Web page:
# Air Resistance Problem

• Dec 15th 2007, 06:42 AM
bobak
Air Resistance Problem
I found a question to find an expression for the maximum height that a particle projected vertically with a velocity of u can reach if there is a resistive force acting on it of Kmv newton (where m is the particles mass, v being it velocity and k is a constant) and gravity acting on it as well.

after doing a bit of algebra/calculus i got an answer of

. . . . . $\displaystyle \boxed{ \frac{g}{k^2} ln \left(\frac{g}{ku+g} \right) + \frac{u}{k} }$

What i notice i that my solution i not defined for the case k=0, meaning there is a clearly insonsistent with the solution obtained when no air resistance is accounted for. So is my solution incorrect ?
• Dec 16th 2007, 11:12 AM
topsquark
Quote:

Originally Posted by bobak
I found a question to find an expression for the maximum height that a particle projected vertically with a velocity of u can reach if there is a resistive force acting on it of Kmv newton (where m is the particles mass, v being it velocity and k is a constant) and gravity acting on it as well.

after doing a bit of algebra/calculus i got an answer of

. . . . . $\displaystyle \boxed{ \frac{g}{k^2} ln \left(\frac{g}{ku+g} \right) + \frac{u}{k} }$

What i notice i that my solution i not defined for the case k=0, meaning there is a clearly insonsistent with the solution obtained when no air resistance is accounted for. So is my solution incorrect ?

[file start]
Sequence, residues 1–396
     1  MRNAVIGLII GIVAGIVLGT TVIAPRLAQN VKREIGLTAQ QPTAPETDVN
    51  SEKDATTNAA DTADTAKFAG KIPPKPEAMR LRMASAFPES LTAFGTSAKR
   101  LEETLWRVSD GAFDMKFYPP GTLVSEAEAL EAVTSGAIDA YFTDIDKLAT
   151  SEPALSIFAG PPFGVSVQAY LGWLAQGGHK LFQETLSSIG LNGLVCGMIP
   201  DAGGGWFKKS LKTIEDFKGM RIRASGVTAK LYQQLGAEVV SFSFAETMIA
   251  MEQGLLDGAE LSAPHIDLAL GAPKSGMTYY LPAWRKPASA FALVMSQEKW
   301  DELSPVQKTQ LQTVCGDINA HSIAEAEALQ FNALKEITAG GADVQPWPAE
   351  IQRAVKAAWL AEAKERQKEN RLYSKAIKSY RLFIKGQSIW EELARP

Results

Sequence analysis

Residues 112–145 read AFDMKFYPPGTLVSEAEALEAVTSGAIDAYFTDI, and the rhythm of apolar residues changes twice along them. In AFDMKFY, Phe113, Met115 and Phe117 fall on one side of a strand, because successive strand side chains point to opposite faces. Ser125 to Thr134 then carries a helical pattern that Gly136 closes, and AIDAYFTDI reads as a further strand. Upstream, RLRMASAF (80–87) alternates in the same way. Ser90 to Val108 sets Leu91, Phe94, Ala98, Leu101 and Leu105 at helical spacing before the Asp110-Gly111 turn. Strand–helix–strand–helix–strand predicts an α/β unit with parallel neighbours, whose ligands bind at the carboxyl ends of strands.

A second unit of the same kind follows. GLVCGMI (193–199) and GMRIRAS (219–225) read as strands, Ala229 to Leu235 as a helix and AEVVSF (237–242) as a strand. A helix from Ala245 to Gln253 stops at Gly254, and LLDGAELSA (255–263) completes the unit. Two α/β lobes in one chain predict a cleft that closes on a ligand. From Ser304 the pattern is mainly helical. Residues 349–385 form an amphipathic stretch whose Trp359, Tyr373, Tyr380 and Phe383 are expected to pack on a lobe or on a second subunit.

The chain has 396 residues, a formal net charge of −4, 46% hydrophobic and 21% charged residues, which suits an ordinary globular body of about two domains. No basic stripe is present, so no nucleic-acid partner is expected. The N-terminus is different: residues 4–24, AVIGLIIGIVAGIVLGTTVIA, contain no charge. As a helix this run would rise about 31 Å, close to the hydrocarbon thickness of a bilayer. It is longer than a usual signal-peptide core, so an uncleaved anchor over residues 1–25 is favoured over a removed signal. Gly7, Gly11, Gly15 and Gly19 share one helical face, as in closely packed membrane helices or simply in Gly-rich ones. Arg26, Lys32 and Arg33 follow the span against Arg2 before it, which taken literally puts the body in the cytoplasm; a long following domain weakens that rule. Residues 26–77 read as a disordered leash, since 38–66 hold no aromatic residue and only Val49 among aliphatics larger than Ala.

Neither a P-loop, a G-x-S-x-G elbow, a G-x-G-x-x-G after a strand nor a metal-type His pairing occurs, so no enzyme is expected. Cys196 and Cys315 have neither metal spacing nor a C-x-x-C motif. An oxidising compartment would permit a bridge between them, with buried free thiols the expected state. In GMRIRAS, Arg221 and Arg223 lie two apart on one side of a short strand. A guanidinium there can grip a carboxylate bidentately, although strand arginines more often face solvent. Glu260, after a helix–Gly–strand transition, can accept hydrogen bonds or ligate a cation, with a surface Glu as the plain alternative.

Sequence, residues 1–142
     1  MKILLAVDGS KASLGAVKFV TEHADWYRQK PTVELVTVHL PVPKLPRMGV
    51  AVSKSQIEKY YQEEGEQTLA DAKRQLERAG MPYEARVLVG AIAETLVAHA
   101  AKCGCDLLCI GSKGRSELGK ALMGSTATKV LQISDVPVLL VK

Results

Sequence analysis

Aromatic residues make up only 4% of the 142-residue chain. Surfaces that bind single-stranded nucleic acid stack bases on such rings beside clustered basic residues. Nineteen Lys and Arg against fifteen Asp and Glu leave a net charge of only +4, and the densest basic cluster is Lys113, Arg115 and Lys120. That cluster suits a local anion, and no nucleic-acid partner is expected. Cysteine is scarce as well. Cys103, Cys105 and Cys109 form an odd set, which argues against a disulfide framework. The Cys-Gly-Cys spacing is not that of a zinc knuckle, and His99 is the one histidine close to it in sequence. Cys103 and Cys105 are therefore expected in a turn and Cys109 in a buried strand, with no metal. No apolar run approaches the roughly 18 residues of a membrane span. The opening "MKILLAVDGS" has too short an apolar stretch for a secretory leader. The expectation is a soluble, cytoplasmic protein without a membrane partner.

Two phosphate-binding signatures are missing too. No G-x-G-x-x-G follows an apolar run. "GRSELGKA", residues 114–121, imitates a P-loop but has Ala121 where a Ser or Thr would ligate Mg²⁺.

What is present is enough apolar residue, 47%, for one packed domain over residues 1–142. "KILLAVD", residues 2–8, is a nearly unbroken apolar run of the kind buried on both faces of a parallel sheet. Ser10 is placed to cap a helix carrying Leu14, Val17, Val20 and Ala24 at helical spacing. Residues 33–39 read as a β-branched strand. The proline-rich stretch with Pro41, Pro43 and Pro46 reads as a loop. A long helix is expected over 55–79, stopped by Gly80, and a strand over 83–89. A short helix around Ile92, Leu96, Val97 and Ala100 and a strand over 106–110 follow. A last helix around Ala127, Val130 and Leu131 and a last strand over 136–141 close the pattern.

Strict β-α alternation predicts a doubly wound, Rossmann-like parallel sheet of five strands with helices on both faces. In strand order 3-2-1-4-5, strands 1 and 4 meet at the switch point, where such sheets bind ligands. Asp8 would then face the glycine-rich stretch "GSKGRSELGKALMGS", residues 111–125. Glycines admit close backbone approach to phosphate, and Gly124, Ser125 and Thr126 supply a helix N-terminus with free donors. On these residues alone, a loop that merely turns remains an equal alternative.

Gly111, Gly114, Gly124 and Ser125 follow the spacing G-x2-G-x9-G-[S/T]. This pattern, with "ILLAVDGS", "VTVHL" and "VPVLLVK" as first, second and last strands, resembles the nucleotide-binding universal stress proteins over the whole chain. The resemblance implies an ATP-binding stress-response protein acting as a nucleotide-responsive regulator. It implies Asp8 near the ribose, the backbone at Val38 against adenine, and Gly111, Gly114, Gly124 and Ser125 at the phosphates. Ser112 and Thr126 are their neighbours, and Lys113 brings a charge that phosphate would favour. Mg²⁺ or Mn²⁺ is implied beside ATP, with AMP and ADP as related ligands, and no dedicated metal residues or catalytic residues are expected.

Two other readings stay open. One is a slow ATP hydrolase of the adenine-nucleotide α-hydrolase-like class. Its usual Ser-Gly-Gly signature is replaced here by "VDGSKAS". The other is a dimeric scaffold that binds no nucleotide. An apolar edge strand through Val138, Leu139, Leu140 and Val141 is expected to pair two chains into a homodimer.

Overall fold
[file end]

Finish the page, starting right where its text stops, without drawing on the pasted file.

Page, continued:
Your solution is correct. (Good job, by the way. :) This is a long problem.) What you need to do in some cases (I don't know how to predict which) is go all the way back to your initial motion equation and set k = 0. The mere presence of the resistance term changes the character of the process by which the solution is obtained. Apparently enough so that the nature of the solution changes.

Since this is a physical equation, after all, it is likely that as k tends to 0, the value of the maximum height will approach the k = 0 value.

-Dan
• Dec 16th 2007, 12:31 PM
bobak
Quote:

Originally Posted by topsquark
(This is a long problem.)

Yeah i was thinking about posting my working but it would have taken too long.

the solution obtained when no air resistance is accounted for is $\displaystyle \frac{u^2}{2g}$

I tested the equation using k=0.01 and the two solutions agreed within 2d.p. then i used the taylor series for lnx and showed that for small values of k the solution obtained as k apporached zero is equal to the other solution.

gosh i have never use so much pure math in a mechanics problem.
• Dec 17th 2007, 04:37 AM
topsquark
Quote:

Originally Posted by bobak
gosh i have never use so much pure math in a mechanics problem.

If you think that's bad, try taking graduate E and M! :D

-Dan